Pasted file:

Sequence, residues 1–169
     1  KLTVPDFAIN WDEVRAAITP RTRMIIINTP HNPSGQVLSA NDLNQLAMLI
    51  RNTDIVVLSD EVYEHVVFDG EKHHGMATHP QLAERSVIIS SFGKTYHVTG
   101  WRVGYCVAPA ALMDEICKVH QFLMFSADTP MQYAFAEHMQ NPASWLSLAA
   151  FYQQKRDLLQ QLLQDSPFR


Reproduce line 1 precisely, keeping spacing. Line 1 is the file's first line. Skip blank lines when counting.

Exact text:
Sequence, residues 1–169